Corruption in the Judiciary cannot be simply legislated away, former Principal Judge of the High Court, James Ogoola (in featured photo) has said.
Appearing before the Legal and Parliamentary Affairs Committee on Tuesday, where he had appeared to submit his views on the Administration of Judiciary Bill 2018, Ogoola said Uganda has to go back to the basics; teach moral values to children if corruption is to be dealt with decisively.
The Bill seeks to cater for retirement benefits of the Judicial Officers, with proposal to have retiring judicial officers leave with their full benefits.
The bill also seeks to provide for the effective and efficient administration of the judiciary by enhancing chapter 8 of the constitution and those supporting the Bill argue that it will be critical at uprooting corruption in the Judiciary.
“Corruption is monster that you cannot legislate about. You can bring 20 Bills in this House about corruption, I don’t know how many we have, that in itself will not end corruption. What will take away corruption is different. Let us do that ourselves, where is Uganda today? What is the new generation? What are the values of this new generation. It is money,” the Justice said.
He was responding to a question raised by Kaberamaido County MP, Veronica Bichetero MP on whether the Bill would be critical at reducing corruption in the Judiciary.
Ogoola told the Committee of his experience while joining legal practice where he came from Dar es Salam University, did an interview and was earning Shs1,000 a month. He said lawyers, doctors and engineers were the highest paid people earning Shs12,000 a year.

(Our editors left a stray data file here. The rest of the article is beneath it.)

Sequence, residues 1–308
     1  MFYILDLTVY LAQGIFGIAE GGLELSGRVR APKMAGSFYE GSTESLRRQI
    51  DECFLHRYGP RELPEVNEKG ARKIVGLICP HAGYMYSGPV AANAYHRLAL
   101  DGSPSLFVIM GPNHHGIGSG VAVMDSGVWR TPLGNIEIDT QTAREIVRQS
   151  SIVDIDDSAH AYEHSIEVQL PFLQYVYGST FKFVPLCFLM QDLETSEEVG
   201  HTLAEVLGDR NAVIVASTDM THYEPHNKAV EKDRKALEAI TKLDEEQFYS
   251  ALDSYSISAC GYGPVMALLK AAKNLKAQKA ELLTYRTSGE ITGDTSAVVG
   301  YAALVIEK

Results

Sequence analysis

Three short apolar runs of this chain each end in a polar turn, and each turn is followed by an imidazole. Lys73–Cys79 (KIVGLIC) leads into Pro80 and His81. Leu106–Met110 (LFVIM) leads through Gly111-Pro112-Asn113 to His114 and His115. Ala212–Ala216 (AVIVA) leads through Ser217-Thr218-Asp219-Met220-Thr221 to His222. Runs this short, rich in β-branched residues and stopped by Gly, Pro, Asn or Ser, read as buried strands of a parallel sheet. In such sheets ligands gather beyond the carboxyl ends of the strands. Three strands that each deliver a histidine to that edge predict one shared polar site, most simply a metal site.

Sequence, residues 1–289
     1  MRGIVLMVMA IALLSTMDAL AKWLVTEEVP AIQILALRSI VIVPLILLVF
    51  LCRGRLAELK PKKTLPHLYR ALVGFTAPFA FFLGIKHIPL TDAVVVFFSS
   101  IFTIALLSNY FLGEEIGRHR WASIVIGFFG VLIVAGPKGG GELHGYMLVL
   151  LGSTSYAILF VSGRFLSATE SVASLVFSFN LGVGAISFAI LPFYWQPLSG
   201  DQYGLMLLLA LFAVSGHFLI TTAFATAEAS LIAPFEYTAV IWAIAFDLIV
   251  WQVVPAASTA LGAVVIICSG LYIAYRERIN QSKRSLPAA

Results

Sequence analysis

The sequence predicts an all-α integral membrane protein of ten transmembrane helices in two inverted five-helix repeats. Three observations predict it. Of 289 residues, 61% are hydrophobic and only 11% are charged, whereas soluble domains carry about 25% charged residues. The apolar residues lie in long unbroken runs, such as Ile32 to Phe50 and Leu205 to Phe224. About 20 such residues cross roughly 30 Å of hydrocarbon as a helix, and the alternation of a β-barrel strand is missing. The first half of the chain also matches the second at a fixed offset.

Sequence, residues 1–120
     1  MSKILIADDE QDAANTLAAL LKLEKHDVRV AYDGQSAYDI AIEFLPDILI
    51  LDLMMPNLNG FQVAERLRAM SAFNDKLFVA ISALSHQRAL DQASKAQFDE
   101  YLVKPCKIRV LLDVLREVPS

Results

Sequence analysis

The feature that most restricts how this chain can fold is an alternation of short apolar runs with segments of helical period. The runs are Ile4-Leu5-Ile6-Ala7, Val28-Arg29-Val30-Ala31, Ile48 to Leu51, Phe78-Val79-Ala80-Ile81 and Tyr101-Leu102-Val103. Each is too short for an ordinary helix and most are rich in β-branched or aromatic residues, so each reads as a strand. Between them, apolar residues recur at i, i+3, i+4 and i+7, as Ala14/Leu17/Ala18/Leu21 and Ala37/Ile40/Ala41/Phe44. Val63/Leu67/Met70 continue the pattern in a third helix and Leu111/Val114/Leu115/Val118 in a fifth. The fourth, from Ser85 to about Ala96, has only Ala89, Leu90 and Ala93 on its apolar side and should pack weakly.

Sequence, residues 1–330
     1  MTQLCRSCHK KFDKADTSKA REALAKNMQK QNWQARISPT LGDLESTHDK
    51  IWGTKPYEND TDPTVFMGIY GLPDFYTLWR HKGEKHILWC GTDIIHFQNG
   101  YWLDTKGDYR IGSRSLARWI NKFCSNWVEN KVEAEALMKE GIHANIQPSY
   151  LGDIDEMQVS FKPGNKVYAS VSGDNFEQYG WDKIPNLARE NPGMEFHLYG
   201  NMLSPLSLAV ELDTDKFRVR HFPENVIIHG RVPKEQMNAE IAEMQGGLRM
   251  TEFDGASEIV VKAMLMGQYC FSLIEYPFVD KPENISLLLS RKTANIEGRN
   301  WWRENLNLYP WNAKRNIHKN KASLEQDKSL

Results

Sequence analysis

Ogoola added that he used Shs1,000 to pay all his bills and that was the same amount he used to relax every evening en route to his home and would at times sleep without dinner, but alcohol.
The retired Justice argued that there is need to teach these values in families and schools, and revealed he is glad to be out of the corrupt infested Judiciary.
He said that there is no way Judiciary alone can be pinned on the corruption but the vice cuts across to Police, Parliament among other government agencies.
In his submission, the retired Justice argued that Judges could be corrupt for many reasons including uncertainty of what they would do after retirement and blamed this on the fact that Judges are not allowed to do anything in life except judge.
“They are not allowed to socialize freely; they can’t practice law, run a shop. They have no other source of income except salary from the Judiciary. An ordinary person could be tempted to tip where they shouldn’t,” Ogoola argued.
“… It would be wrong to say that the Judiciary isn’t corrupt. It is corrupt, horribly corrupt. I am so glad I am now retired and not part of it. When I used to be Principal Judge walking on the street, I say to myself, now everybody was saying that is my money walking,” Ogoola said.